Lit finds reignited enthusiasm with new album, label

By: Jeff Pack - Staff Writer

When Lit released "A Place in the Sun" in 1999, the Orange County band found quick success. The album went platinum, had four legitimate hit singles, with "My Own Worst Enemy" as 1999's most-played modern rock song according to Billboard Magazine.

But two years later, the band released "Atomic" and found out that success can be fleeting.

"The whole RCA chapter should have closed before 'Atomic,' " said singer A. Jay Popoff. "We found out pretty quick that it wasn't all peaches and cream after you have some success. That album was pretty trying times for us. It just shows how a struggling label can bring a band down.

"When you are on a major (label) you have to come out blowing up or you get pushed aside. That was the case with 'Atomic.' We realized that all the people that were behind us on 'A Place in the Sun' weren't around anymore. We quickly realized that not everyone was worried about your best interests."

In the three years since, Lit parted ways with RCA, struck a deal with Nitrus Records and is about to release a self-titled album (June 22), which the band produced on its own for the first time.

"This is the most liberating record we've ever done, it's a fresh start," Popoff said. "We feel like the label that we signed with are as passionate as we are. It's the feeling you get when you graduate; we were just a lot more pumped up to write again. It's a way cooler energy."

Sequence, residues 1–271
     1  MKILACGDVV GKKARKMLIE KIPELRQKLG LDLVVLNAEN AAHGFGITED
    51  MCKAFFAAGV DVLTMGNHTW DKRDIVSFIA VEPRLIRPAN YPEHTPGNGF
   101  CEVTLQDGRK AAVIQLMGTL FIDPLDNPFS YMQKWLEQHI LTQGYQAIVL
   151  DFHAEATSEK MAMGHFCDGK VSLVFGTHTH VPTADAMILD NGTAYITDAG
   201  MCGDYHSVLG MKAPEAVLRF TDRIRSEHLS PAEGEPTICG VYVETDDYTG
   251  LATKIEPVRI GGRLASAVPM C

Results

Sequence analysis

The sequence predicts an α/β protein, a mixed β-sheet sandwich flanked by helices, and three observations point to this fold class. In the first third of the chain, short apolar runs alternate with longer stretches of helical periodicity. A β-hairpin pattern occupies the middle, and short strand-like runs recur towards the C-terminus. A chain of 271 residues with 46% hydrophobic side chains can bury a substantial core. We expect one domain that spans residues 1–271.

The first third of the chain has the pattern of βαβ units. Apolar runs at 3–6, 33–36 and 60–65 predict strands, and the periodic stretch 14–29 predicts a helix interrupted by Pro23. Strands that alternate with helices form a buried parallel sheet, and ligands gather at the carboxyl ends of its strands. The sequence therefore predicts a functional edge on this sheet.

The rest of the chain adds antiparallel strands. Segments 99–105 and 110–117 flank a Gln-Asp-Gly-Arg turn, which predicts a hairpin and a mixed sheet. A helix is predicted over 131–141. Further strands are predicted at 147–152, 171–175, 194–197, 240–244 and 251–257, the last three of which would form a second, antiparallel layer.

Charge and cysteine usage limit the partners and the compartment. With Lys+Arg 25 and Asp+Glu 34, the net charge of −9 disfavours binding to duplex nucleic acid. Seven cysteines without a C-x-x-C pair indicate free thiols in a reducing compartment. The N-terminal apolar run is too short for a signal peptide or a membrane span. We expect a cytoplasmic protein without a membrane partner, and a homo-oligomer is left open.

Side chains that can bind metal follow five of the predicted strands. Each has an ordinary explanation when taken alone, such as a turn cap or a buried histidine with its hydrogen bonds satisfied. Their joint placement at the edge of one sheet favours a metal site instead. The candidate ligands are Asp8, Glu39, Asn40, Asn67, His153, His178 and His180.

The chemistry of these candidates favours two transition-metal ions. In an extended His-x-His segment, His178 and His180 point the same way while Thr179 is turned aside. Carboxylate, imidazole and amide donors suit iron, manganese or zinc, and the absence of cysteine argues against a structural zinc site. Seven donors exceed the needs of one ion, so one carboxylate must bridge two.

It's a fresh start that Popoff says has the band ready to hit the road. Lit opens for Hoobastank on Friday at SOMA San Diego.

"We're all anxious to get back on the road," said Popoff, whose brother, Jeremy, is the band's guitarist and shares the stage with drummer Alan Schellenberger and bassist Kevin Baldes. "We are kind of easing our way in with some one-offs, and once we get back to doing it every day, that's when we'll really feel like we're back."

1999's "A Place in the Sun" featured such songs as "Miserable," "Zip-Lock" and "Four," tunes that spoke about cruising hot cars, partying all night long and young-adult relationships gone good and bad. Popoff says their new music has matured along with the band members themselves.

"This time around is a little more personal," he said. "I think we let that happen naturally. Not everyone's going to automatically relate, because we've moved on and grown up and write about mature topics. Hopefully our fans will have grown up a little too and can relate to what we've gone through."